Experts in Germany who analyzed the 1933 investigation and attempted to reconstruct the fire also found that it would have been impossible for Van der Lubbe to do so in the manner that was alleged.
Evidence Suggesting His Innocence
Evidence from the Nuremberg Trials and recently discovered documents in Hanover archives weigh in favor of Van der Lubbe’s innocence.
Hans Bernd Gisevius, who worked for the Gestapo in 1933 and later as an Abwehr intelligence operative who conspired against Hitler during World War II, testified to the International Military Tribunal at Nuremberg in April 1946 that the Reichstag fire had been orchestrated by the Nazis.
“To speak briefly and to begin with the facts, we ascertained that Hitler in a general way had expressed a wish for a large-scale propaganda campaign. Goebbels undertook to prepare the necessary proposals and it was Goebbels who first thought of setting the Reichstag on fire. Goebbels discussed this with the leader of the Berlin SA Brigade, Karl Ernst, and he suggested in detail how it should be done,” he said.
“A certain chemical, known to every maker of fireworks, was chosen. After spraying it, it ignites after a certain time-hours or minutes. In order to get inside the Reichstag, one had to go through the corridor leading from the palace of the Reichstag President to the Reichstag itself. Ten reliable SA men were provided, and then Goering was informed of all the details of the plan, so that by chance he did not make an election speech on that particular evening…Goering—and he gave assurances that he would do so—was to put the police on wrong trails in the first confusion. From the very beginning it was intended that the Communists should be accused of this crime, and the 10 SA men who had to carry out the crime were instructed accordingly.”
Gisevius, testifying as a defense witness during the trial, added that one of the SA men named Rall later attempted to tell the truth about the fire to a court in Leipzig but “was murdered in a vile manner with the knowledge of the Defendant Goering, by order of Gestapo chief Diels.” He also testified that other SA troopers who started the fire were silenced “under the pretext of the Roehm revolt.”
Documents recently discovered in Hanover, which contain postwar statements from former SA member Hans-Martin Lennings, corroborate Gisevius’ testimony. Lennings claimed he helped to frame Van der Lubbe for the fire. He stated that Karl Ernst—previously mentioned by Gisevius—had ordered him to pick up the Dutchman from an SA hospital and drive him to the Reichstag. Lennings described the young man as being in a dazed condition.
Experts in Germany who conducted a reconstruction of the fire found that a liquid chemical agent of the type described by Gisevius at Nuremberg would indeed have started a blazing fire like a “chemical time bomb” and allowed the arsonists to get away. In addition, German newspaper Die Tagezeitung points out that a tunnel from the Reichstag building connecting to various federal buildings would have enabled SA men to reach the place quickly and undetected.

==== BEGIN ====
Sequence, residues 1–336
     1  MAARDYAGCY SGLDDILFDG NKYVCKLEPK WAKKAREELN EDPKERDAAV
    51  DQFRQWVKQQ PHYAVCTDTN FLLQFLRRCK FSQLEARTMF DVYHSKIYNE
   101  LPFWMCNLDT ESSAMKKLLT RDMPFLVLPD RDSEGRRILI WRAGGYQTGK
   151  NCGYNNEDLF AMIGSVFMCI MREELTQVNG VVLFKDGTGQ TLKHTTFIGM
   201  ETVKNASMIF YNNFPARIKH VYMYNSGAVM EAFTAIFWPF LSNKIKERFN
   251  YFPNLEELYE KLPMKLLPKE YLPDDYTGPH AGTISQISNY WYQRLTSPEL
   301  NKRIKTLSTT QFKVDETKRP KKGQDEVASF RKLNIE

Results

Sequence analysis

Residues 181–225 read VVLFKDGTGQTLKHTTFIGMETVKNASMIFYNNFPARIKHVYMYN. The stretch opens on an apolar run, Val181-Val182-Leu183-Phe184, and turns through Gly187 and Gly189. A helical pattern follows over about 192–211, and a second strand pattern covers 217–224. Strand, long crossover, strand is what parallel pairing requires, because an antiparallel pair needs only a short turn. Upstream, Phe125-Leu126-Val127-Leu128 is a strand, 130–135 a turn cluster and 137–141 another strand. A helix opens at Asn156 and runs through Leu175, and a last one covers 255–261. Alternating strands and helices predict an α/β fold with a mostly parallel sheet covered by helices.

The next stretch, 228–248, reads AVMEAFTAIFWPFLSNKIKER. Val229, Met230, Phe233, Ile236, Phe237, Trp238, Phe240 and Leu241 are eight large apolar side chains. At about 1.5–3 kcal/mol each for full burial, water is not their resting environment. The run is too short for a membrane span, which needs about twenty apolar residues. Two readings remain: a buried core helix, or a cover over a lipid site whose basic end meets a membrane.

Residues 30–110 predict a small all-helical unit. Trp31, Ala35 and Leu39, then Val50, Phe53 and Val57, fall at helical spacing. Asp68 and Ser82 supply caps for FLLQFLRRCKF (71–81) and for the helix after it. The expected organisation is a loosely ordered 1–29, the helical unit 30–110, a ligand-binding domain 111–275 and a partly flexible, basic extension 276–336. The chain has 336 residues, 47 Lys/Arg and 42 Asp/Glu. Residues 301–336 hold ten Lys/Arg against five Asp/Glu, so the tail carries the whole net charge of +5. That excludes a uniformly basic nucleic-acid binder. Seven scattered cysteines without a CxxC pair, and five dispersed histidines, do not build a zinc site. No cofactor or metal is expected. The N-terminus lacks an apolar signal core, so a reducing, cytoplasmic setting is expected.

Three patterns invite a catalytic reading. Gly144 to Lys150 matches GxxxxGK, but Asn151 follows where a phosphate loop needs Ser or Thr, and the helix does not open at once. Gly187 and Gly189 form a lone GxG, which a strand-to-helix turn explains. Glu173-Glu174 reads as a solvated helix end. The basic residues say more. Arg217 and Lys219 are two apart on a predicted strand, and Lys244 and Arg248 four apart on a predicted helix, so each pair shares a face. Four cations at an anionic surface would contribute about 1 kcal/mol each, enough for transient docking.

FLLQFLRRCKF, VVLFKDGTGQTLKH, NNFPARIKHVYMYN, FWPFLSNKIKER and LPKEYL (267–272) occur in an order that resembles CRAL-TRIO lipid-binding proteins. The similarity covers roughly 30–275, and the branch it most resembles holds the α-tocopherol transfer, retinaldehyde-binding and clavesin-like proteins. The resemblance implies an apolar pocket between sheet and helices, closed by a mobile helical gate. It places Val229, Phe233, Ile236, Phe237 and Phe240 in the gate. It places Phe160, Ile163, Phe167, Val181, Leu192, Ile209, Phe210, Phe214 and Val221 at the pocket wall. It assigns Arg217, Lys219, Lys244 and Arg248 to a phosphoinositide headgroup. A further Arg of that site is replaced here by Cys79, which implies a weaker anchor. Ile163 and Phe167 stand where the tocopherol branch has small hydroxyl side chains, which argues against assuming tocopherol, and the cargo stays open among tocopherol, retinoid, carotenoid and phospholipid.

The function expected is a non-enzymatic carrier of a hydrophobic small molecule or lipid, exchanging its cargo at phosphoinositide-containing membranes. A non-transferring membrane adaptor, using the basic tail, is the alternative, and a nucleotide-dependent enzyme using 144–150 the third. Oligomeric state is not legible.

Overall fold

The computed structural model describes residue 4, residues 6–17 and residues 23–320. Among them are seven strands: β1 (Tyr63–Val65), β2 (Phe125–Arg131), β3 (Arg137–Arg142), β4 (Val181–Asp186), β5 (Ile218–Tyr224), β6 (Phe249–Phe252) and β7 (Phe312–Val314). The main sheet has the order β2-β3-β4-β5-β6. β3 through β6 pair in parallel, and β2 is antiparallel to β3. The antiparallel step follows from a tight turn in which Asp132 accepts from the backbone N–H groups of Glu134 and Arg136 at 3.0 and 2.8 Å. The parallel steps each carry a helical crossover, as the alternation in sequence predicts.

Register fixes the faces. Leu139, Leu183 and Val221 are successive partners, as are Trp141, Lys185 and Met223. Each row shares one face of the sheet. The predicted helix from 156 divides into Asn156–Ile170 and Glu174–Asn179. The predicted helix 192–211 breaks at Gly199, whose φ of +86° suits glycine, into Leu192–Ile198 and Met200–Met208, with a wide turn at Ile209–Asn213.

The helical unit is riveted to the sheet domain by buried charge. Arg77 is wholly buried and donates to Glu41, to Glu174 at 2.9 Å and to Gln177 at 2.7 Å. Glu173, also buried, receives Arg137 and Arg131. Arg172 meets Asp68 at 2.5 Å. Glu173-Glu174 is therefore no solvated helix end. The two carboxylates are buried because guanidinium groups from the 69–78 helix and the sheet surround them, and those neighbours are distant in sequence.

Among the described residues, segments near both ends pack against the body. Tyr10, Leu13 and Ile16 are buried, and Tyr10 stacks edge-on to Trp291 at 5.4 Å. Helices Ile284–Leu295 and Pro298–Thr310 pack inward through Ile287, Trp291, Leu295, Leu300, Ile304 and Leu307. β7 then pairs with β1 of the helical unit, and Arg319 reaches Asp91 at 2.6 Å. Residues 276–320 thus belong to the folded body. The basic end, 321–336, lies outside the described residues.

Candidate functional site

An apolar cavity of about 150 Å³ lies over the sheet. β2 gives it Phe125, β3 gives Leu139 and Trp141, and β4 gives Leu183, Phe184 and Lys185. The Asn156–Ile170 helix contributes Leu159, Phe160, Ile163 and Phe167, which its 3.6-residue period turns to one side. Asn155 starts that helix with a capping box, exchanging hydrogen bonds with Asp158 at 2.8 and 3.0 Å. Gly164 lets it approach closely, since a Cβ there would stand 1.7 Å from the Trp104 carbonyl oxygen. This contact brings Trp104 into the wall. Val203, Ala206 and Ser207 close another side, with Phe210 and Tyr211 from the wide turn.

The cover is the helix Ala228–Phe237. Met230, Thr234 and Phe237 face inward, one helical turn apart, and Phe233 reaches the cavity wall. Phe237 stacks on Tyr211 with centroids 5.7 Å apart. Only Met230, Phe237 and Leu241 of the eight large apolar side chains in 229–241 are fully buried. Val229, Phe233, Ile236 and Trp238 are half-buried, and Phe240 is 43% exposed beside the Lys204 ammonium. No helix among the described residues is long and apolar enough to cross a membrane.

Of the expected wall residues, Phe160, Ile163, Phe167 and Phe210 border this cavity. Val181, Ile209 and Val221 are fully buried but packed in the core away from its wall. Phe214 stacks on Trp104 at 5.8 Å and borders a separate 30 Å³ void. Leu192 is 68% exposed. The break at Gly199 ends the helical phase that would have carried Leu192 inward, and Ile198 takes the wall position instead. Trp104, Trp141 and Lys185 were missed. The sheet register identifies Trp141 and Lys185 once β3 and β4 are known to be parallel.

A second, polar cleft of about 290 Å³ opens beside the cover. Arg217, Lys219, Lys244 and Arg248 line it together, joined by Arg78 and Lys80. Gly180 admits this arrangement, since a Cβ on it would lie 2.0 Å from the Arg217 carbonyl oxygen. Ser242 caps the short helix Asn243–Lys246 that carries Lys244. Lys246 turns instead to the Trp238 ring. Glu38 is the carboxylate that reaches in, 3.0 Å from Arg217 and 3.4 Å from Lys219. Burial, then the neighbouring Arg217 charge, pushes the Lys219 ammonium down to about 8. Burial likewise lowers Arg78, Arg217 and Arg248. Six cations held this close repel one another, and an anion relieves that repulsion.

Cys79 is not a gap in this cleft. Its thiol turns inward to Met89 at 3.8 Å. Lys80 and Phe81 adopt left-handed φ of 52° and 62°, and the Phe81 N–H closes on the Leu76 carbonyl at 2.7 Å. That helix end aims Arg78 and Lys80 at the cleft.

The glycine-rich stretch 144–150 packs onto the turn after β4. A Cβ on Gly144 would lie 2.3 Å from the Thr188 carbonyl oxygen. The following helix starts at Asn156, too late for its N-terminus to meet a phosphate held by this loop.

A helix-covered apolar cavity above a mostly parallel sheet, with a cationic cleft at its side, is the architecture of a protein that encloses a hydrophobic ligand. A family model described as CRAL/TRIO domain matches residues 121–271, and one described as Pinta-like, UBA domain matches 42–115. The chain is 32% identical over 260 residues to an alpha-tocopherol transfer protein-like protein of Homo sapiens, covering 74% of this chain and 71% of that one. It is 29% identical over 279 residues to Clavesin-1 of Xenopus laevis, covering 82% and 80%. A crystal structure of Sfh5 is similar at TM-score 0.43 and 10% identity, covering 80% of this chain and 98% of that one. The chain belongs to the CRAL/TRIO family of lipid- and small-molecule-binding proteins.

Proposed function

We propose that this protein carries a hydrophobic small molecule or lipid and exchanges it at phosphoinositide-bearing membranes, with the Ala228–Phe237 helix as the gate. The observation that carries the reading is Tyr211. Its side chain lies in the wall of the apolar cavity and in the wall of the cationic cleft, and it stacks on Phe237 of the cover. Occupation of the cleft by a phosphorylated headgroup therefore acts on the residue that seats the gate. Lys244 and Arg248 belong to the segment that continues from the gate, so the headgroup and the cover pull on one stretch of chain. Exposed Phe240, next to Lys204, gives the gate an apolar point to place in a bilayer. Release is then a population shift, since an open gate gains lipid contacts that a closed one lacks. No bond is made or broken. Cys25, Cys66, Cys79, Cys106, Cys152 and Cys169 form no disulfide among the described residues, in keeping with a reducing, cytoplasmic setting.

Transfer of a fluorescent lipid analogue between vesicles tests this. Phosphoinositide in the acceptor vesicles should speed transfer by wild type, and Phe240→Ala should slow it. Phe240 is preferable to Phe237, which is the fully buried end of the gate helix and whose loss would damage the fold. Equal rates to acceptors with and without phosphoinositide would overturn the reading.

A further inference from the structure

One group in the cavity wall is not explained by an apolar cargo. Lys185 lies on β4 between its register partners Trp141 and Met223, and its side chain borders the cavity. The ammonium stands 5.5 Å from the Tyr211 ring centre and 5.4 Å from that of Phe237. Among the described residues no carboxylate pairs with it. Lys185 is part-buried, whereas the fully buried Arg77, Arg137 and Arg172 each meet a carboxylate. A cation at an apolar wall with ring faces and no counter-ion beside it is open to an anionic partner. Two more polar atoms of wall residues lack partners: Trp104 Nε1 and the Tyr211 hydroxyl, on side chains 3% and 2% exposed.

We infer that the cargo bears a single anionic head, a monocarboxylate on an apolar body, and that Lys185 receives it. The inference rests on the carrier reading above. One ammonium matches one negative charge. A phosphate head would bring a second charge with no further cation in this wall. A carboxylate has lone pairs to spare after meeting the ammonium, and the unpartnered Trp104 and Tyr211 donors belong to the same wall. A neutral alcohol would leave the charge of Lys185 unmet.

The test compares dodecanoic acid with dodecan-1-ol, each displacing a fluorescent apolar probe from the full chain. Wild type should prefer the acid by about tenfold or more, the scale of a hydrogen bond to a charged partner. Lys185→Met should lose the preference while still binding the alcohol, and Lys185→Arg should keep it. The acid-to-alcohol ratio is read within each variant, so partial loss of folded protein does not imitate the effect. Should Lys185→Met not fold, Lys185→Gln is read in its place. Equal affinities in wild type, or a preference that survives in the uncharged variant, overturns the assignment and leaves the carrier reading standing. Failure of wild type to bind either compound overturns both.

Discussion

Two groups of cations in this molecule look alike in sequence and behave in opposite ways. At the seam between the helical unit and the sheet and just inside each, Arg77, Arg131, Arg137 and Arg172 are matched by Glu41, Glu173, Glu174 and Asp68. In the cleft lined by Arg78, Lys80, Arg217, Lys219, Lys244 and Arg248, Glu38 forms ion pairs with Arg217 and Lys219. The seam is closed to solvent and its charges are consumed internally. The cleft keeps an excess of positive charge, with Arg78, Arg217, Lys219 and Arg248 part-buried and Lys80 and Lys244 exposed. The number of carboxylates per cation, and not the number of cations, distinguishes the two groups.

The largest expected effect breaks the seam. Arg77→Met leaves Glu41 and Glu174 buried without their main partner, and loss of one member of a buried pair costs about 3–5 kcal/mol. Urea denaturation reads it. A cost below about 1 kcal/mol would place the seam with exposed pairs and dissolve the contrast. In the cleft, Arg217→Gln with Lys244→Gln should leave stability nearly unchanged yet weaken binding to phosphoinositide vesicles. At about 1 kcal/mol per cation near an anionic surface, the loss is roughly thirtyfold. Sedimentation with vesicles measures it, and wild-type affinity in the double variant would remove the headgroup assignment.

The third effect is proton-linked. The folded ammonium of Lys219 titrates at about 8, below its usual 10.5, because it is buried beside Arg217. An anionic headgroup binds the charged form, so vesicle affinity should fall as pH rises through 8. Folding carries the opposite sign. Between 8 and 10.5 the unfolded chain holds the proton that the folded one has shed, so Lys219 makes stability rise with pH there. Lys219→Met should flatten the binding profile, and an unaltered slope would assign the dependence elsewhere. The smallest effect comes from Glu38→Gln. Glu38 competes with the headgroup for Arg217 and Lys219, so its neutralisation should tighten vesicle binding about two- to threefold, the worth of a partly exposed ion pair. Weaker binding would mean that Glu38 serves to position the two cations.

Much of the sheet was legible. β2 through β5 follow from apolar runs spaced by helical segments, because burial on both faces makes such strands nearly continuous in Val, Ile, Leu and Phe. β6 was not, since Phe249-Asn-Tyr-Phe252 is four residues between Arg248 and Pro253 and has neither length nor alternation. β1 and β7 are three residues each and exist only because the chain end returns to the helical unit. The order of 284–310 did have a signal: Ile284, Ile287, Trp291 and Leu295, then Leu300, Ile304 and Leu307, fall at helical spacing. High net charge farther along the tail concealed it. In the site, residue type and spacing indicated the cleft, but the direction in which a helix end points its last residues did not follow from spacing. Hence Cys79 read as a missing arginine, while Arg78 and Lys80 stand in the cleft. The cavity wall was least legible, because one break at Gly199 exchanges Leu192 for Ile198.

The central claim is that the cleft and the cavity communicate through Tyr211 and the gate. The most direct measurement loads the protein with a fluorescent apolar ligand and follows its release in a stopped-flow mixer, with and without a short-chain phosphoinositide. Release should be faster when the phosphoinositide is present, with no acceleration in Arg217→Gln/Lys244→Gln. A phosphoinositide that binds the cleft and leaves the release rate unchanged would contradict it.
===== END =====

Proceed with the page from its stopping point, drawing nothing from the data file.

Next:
Reinvestigating Van Der Lubbe
Some historians maintain the opinion that Van der Lubbe was in some way responsible. One major sticking point for some is that Goebbels himself denied previous knowledge about the fire in his diary, whereas Goebbels described other Nazi crimes openly. It’s worth considering that, while admitting to crimes against perceived outsiders and enemies to Nazi ideology was obviously acceptable for Goebbels, admitting to burning down Germany’s own Reichstag building, a symbol of the German people, was a deed that very few Nazis would have been willing to own up to.
Can science shed light on the truth? Members of the Paul Benndorf Society in Leipzig, hoping to pinpoint where exactly Van der Lubbe was buried, oversaw the exhumation of his remains on Jan. 25, 2023. The remains recovered are a match with Van der Lubbe due to evidence of decapitation consistent with a blow from a guillotine.
Medical investigators from the University of Leipzig are testing the remains for evidence of toxins. They hope their findings will indicate whether the Nazis extracted a confession from the young man by drugging him.
“We are doing this pro bono because we find the case exciting,” Senior Physician Carsten Babian told Der Spiegel.
Van der Lubbe’s surviving relatives however are not happy about the forensic examination, expressing the view that his remains have been violated by being needlessly disturbed.
According to the University of Leipzig, the results are expected within weeks. They might not provide all the answers that historians are looking for, but they could certainly provide clarity.